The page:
Deidre Scout and her mother are very poor. They live in a van and struggle to live on a daily basis. Her mother, a waitress, befriends a successful business woman. The outcome thrusts Deidre into a new world with a very stubborn young man named Artemis Kilgore.
The sun was my alarm clock. It shined right in my face and I groaned, turning on my side and wishing for five more minutes. I couldn't, though. Mom and I had to get to the soup kitchen before it got too busy and then closed.
I sat up, being careful to not hit my head on the roof of the van, and grabbed the brush I shared with my mom. With difficulty, I untangled the mess of red hair, thankful I was able to shower last night. My mom was sleeping in the very back, snoring.
"Mom, time to get up," I yawned, rubbing my green eyes.
"Five more minutes," she mumbled and I laughed.
I tossed the brush at her. "Nope," I said, opening the sliding side door. "I'm hungry and the line will get long soon."
I laughed and stepped into the cool morning air. It felt nice after being cooped up in the van all night, but it was fall in Oklahoma and it was going to get really cold, really fast. Unfortunately, Mom and I didn't have decent coats or sweaters. I sighed.
"We need to go by the Salvation Army soon," I said as we walked down to the kitchen. "It's getting too cold for these flimsy things."
My mother, who I was a mirror of, nodded with a pout. "You're right."
As I predicted, the line was long. I huddled close to my mom as wind blew through. The others shivered and my mom wrapped her arms around me. We did a weird little crab walk as the line moved forward. I yawned. This was the worst part of being poor, in my opinion: waiting. We were always waiting for something.
We had one cell phone that Mom managed to pay the bill for from what little money she had left from my dad's child support. I was 23 now and, as soon as I had turned 18, he dropped us like a rock. My mom had marketable skills, it was just a tough market to be in. I was a barista and she was a waitress. Together, we used the money for emergencies and gas for the van. A lot of places were okay with us staying in their parking lot for a couple of nights, but no longer than that so we moved around a lot. The cell phone was on the off chance one of my mom's resumes made it through the ever long waiting list.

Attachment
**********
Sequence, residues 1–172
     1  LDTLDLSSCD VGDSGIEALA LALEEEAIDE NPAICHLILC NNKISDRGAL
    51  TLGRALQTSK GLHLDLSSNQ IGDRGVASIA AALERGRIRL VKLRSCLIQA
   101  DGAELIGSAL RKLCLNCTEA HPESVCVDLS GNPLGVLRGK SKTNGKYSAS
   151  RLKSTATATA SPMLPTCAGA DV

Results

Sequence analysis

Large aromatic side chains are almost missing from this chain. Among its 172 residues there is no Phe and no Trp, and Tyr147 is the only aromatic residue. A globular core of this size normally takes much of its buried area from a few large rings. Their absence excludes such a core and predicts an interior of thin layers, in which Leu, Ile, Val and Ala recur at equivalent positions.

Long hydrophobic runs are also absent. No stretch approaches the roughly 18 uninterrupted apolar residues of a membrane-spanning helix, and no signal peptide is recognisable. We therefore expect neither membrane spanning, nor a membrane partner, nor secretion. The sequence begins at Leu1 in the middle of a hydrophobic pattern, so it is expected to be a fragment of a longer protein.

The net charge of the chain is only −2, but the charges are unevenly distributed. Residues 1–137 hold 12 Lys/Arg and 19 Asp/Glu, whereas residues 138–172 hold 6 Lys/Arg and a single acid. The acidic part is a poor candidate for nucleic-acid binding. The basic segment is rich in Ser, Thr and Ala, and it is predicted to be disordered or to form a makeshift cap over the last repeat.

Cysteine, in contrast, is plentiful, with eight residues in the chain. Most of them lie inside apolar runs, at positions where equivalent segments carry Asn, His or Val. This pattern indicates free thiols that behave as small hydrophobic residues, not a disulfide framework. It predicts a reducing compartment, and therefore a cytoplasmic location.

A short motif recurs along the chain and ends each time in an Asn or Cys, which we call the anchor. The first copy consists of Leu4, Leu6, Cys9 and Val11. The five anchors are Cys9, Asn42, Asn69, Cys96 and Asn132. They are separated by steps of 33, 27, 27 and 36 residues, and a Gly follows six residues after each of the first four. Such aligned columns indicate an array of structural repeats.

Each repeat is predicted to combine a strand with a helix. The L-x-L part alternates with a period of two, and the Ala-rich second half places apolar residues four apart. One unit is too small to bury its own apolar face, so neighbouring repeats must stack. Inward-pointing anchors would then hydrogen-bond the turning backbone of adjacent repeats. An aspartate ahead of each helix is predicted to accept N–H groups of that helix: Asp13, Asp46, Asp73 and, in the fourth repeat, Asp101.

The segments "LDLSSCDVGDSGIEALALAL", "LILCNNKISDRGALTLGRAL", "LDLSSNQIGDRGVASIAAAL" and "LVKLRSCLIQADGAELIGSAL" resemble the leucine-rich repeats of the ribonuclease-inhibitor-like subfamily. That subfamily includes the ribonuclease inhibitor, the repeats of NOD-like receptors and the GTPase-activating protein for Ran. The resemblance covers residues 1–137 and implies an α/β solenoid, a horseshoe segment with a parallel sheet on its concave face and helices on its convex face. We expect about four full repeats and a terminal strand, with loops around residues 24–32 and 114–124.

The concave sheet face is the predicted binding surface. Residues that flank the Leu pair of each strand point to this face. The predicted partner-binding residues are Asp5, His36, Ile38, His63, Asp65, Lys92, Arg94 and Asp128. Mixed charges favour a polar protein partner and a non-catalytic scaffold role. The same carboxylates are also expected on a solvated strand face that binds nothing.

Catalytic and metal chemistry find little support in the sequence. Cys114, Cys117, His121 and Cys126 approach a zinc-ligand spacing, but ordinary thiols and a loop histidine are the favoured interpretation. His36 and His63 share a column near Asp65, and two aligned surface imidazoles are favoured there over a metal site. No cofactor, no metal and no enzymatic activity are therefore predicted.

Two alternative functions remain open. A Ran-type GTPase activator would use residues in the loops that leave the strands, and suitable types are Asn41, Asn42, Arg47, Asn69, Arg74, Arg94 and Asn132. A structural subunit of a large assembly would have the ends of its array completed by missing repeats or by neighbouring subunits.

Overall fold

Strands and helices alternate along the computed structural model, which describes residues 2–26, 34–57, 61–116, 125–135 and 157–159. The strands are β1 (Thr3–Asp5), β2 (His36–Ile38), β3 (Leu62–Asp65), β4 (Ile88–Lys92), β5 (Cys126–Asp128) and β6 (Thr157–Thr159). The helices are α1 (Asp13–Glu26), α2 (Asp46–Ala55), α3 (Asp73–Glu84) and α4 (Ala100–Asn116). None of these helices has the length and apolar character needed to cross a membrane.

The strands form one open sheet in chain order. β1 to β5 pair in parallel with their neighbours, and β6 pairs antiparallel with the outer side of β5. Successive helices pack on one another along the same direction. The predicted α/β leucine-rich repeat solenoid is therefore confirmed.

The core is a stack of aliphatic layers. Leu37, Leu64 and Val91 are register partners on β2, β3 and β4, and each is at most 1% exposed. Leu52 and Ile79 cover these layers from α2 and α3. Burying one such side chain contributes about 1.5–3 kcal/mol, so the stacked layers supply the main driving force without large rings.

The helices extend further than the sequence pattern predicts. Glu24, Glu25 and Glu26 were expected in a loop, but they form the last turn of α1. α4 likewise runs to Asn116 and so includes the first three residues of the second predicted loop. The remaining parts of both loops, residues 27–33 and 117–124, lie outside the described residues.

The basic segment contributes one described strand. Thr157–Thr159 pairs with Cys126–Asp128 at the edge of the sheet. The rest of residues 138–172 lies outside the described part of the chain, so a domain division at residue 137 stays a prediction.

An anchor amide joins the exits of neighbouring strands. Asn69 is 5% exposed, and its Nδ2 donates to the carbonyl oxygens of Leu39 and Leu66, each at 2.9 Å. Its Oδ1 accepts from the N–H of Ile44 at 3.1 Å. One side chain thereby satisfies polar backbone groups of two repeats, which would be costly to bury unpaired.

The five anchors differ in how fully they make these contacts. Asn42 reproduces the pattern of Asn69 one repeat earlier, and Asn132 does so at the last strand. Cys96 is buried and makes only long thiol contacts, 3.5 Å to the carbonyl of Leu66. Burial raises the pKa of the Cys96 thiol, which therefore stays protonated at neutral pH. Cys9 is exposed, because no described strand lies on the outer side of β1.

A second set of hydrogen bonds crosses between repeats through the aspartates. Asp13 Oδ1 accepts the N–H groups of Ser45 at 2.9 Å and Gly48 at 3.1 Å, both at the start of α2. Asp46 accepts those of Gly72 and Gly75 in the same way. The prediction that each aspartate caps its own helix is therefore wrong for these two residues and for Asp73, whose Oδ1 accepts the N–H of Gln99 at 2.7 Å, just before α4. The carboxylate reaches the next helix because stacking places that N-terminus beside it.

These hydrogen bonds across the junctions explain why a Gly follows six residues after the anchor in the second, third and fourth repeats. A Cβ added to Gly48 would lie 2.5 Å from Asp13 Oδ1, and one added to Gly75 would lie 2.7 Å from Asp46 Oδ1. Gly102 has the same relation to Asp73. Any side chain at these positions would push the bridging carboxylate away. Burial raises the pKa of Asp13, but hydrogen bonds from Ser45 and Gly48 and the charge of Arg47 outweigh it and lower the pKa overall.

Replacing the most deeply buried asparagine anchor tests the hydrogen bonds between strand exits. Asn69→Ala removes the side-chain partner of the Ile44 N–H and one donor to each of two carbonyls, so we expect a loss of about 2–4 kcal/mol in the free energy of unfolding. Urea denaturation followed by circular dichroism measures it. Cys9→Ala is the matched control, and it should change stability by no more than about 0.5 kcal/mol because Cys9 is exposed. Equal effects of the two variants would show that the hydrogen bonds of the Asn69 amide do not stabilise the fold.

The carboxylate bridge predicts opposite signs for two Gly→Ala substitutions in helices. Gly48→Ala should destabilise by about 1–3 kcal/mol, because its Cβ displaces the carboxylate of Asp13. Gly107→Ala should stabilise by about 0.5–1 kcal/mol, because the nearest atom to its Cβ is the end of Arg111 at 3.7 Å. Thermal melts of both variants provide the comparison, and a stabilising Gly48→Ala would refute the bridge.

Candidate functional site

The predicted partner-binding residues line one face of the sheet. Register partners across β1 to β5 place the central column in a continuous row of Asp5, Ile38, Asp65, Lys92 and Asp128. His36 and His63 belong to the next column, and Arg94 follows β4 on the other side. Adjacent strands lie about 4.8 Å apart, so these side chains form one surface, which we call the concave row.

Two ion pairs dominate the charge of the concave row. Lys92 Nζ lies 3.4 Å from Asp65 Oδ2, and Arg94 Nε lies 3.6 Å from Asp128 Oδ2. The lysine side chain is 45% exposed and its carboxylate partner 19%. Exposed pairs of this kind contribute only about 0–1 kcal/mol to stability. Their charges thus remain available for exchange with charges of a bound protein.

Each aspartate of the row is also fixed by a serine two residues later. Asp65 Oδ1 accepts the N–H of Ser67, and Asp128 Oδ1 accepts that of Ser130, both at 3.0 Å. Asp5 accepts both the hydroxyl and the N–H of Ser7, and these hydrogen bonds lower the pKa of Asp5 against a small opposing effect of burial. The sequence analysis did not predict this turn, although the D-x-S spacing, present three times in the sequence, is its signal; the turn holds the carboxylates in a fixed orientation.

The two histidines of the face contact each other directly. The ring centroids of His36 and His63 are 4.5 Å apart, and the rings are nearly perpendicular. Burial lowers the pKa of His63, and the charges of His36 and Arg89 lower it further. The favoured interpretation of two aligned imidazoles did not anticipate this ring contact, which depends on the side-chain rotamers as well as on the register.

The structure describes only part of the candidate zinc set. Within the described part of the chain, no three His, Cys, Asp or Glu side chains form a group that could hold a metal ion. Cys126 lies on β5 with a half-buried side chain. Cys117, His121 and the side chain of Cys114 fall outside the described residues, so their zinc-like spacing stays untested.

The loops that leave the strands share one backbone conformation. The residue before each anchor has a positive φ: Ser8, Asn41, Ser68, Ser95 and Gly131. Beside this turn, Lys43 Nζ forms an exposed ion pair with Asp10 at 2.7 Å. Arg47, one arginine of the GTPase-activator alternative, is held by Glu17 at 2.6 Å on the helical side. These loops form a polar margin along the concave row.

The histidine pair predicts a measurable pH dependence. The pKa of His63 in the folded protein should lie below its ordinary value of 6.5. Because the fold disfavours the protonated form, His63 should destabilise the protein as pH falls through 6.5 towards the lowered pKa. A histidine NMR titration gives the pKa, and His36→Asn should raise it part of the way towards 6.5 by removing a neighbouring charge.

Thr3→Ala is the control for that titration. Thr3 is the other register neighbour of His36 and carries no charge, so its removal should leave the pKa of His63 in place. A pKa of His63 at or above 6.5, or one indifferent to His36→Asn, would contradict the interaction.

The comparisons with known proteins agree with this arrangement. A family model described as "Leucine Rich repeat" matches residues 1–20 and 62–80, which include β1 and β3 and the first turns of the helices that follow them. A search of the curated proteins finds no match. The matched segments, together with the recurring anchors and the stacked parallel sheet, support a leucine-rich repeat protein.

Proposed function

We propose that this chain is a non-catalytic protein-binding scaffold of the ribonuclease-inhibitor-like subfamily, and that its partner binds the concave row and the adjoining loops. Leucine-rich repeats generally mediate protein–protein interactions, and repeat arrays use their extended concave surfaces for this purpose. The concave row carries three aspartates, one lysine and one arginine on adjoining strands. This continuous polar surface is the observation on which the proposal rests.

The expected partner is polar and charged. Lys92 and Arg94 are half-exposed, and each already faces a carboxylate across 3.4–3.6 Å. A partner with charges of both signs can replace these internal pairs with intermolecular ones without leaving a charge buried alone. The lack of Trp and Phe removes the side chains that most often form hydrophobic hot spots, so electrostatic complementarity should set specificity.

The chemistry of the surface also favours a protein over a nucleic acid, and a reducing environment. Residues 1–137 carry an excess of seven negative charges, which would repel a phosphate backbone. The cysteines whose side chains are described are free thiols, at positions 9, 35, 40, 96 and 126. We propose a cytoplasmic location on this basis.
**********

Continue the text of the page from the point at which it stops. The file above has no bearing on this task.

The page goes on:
It was warm inside the soup kitchen and I sighed in relief. The nice woman behind the counter gave us each a slice of cold toast, a carton of milk, and a bowl of fruit.
"Sorry it's not much today," she said but I smiled at her.
"We'll take what you can give. Thank you so much for doing this for us."
The woman beamed, obviously not used to getting many positive responses. My dad - before the divorce - always told me: beggars can't be choosers. He would say that when I didn't get what I wanted but I never imagined that, one day, I'd be one of those beggars.
We sat at our usual table. It was near the middle and a few people sat with us to chat. Many of them complained. It's all they did. The food was poor today, the weather was bitter, they couldn't find a job.... The list goes on and on. My mom and I didn't participate. We were lucky to have what we did.
"We have to move to another lot today," my mom said as we got in the van fifteen minutes later, somehow hungrier than when we were before we ate.
"I'll see if the coffee shop will let us sleep in the back of the lot," I offered.
She dropped me off and I hurried in out of the cold. The familiar smell of The Wholly Grind greeted my nose and I smiled. My manager, Larry, was yawning behind the counter, prepping for the day. He was the only one who knew my situation and I had begged him to keep it that way. I wasn't ashamed; I just hated the looks of pity.